However, the state’s affidavit revealed that the CBI and the presiding judge of the trial court (Special CBI Court at Mumbai) objected to the release of the convicts on the grounds that the offence was grave and heinous.
The top court on May 13 last year ruled that remission of the convicts in the case should be considered as per the policy existing at the time of conviction in the state where the crime was actually committed. It was considering a petition filed by one of the convicts, seeking direction to Gujarat to consider his application for premature release under the policy dated July 9, 1992, which was existing at the time of his conviction.
The petitioner was serving rigorous imprisonment for life after being found guilty of offences under Sections 302, 376(2)(e)(g), read with Section 149 of the Indian Penal Code. He filed a petition for premature release under Sections 433 and 433A of the CrPC seeking premature release, stating that he had undergone more than 15 years and 4 months in jail.
His petition filed before the Gujarat High Court was dismissed on the ground that since the trial had been concluded in Maharashtra, the application for premature release had to be filed in Maharashtra, and not in Gujarat.
The Supreme Court in its May 2022 judgment, however, held that the crime was admittedly committed in Gujarat and ordinarily the trial was to be concluded in the same state, and in terms of Section 432(7) CrPC, the appropriate government in the ordinary course to decide on plea for remission would be the Gujarat government. Therefore, since the crime happened in Gujarat, all further proceedings, including plea for remission, have to be considered as per the policy of the Gujarat government. Pursuant to the May 13 judgment of the top court, the Gujarat government granted remission to 11 convicts. The convicts, who had been sentenced to life imprisonment, were released by the Gujarat government ahead of the assembly polls in the state.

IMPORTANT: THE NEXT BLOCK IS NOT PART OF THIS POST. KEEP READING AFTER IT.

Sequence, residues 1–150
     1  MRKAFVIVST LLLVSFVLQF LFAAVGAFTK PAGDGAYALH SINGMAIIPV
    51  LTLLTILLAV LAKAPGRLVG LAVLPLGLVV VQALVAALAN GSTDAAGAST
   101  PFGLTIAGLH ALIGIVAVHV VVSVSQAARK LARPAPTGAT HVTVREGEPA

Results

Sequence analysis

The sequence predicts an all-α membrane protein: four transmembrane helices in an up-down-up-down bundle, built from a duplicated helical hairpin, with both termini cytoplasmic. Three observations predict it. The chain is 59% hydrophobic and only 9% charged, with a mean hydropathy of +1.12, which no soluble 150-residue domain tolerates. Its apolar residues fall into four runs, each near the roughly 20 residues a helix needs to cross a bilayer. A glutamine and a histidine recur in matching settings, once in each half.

A separate review petition has been filed by Bilkis against the apex court’s May 13 verdict, contending that the remission policy of Maharashtra should apply in the present case, instead of 1992 remission policy of Gujarat, since the trial took place in Maharashtra.
In May 2017, the conviction order was upheld by the Bombay High Court. In 2019, the Supreme Court directed Gujarat to provide Rs 50 lakh compensation to Bilkis as well as a government job and accommodation.
As per a new rule added to the jail manual, the Delhi Prisons department will grant remission to inmates from the time they are lodged in prison as undertrials which will be based on good behaviour, conduct and labour that will apply retrospectively, post-conviction.
Remission is the complete ending of a sentence at a reduced point. In remission, the nature of the sentence remains untouched, while the duration is reduced. The result of the remission is that the prisoner is given a certain date on which he shall be released, and in the eyes of the law, he would be a free man. However, in case of breach of any of the conditions of remission, it will be cancelled, and the offender has to serve the entire term for which he was originally sentenced. The provisions which empower the government for exercising the powers regarding, suspension, commutation, remission are mentioned under Sections 432, 433 of CrPC.
The Supreme Court in January this year while rejecting a plea by a murder convict for premature release said that granting remission/ premature release of a convict is the function of the government and not courts. A bench, comprising Chief Justice of India DY Chandrachud, Justice PS Narasimha and Justice JB Pardiwala, had instructed the competent authority of Gujarat to consider the request for premature release of the petitioner as per its 1992 policy.
The apex court in the matter of State of Haryana vs Mahender Singh (2007) observed that, even though no convict has a fundamental right of remission, the State in exercise of its executive power of remission must consider each individual case keeping in view the relevant factors.
In 2020, the Punjab and Haryana High Court ruled that trial courts have no power to impose the penalty of lifelong imprisonment without remission or parole. The Court was hearing a petition challenging the Hisar Divisional Commissioner’s order rejecting a petitioner’s request for parole. The reason given for this rejection was that the terms of her imprisonment sentence, imposed by a trial court, did not allow her parole.
—By Shivam Sharma and India Legal Bureau